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The Study of Alternating Magnetic Fields and Their Effect on Non-ferrous Conductors

Abstract

The objective: My objective was to learn why an alternating magnetic field repels non-ferrous metals and why a magnet slides slowly down a non-ferrous conductor.

Methods/Materials

A wheel was created with six alternating magnets. The wheel was set up under a structure and a power drill was added to keep the wheel spinning at a constant speed. Then, pieces of copper, aluminum and wood were suspended next to the rotating magnetic wheel to exhibit Faraday's Law. Then I measured the distance that the pieces were repelled away from the wheel. To demonstrate Lenz's Law, I placed a copper plate at the end of the axle. A magnet was placed on the steel hinge next to the spinning copper plate for observations. Lastly, aluminum, copper and wooden plates were set at an incline so that a magnet could slide down. Time measurements were made on the three different materials.

Results

In the experiment demonstrating Lenz's Law, the magnet slides slower down the copper than the aluminum. The magnetic field around the magnet, when moving relative to the copper makes the electrons within the copper move in swirls, called eddies. These eddies generate an electromagnetic field around the copper, which then repels the magnetic field around the magnet. By studying Faraday's Laws of Induction, I learned how non-ferrous metals can be repulsed by a changing magnetic field. The positive side of the magnet makes the electrons within the conductor swirl one way, while the negative side of the magnet makes the electrons swirl the other direction. The moving electrons create an electromagnetic field around the copper, which is then repelled by the wheel's changing magnetic field.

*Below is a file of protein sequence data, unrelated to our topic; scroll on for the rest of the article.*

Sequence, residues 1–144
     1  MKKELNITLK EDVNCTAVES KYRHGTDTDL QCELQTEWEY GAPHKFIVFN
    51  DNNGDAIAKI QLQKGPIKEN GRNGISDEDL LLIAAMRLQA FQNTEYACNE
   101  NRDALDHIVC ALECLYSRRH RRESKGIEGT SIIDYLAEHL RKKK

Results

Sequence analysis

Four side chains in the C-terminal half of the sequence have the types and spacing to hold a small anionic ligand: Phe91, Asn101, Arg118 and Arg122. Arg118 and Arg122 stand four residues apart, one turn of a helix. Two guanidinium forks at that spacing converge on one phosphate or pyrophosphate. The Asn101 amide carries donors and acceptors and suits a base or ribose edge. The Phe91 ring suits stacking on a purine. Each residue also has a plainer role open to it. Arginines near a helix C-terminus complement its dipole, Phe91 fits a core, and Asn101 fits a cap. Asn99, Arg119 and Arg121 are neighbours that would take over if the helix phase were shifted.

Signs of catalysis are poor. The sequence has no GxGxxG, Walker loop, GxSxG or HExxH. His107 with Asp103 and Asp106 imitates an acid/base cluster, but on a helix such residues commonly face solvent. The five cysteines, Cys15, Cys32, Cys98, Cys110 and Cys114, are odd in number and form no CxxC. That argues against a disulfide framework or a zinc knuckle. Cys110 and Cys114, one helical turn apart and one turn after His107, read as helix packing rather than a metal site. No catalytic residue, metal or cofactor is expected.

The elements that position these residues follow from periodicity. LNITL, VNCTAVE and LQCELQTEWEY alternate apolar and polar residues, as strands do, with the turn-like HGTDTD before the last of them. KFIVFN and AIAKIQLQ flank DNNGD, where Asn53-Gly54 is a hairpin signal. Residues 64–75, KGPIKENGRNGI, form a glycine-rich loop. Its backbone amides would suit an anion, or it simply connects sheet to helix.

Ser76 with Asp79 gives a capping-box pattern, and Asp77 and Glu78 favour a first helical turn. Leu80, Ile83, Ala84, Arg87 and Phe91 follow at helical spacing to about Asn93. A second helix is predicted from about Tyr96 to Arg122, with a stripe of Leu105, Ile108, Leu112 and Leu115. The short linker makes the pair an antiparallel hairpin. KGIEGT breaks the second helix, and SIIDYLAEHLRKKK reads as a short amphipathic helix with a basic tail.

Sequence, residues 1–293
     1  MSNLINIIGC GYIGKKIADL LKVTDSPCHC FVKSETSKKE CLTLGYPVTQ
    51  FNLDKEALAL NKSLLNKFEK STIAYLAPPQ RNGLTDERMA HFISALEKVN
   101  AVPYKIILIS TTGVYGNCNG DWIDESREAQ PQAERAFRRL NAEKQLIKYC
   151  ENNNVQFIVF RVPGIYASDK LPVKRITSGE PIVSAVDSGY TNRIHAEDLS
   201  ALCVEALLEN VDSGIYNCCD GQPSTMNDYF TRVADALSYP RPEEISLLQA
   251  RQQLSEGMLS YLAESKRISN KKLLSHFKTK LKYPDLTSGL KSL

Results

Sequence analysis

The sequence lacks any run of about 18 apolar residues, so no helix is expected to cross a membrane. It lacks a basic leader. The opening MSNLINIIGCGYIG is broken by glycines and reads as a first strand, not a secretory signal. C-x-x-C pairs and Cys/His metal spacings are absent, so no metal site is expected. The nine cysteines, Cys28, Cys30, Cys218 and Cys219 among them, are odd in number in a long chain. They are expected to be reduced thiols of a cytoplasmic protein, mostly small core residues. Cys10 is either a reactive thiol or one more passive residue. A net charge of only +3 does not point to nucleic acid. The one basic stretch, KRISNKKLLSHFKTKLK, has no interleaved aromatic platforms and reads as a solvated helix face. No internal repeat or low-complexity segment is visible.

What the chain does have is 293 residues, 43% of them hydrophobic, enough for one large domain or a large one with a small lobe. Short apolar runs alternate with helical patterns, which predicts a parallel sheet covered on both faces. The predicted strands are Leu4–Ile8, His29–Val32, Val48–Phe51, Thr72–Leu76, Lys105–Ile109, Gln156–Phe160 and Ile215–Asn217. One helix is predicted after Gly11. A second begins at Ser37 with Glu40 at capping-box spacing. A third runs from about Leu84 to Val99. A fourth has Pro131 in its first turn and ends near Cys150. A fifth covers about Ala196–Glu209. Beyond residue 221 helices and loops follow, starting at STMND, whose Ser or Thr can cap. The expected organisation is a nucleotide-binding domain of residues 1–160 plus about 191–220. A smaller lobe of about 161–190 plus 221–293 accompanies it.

Conclusions/Discussion

An alternating magnetic field repels a non-ferrous conductor because non-ferrous conductors have a certain atomic structure which allows easy movement for the electrons. When the alternating magnetic field makes the electrons within the conductor move in different directions rapidly, the movement of electrons creates an electromagnetic field around the conductor. My observations show that the copper has a stronger repulsion than the aluminum. My conclusion is that the electrons flow more freely through the copper than the aluminum. This project may benefit society by applying the principals of Faraday's Laws to extract non-ferrous metals from municipal waste streams.

This project is the study of alternating magnetic fields and thier effect on non-ferrous metals as they pertain to the preservation of natural resources.

Science Fair Project done By Sarah J. Adams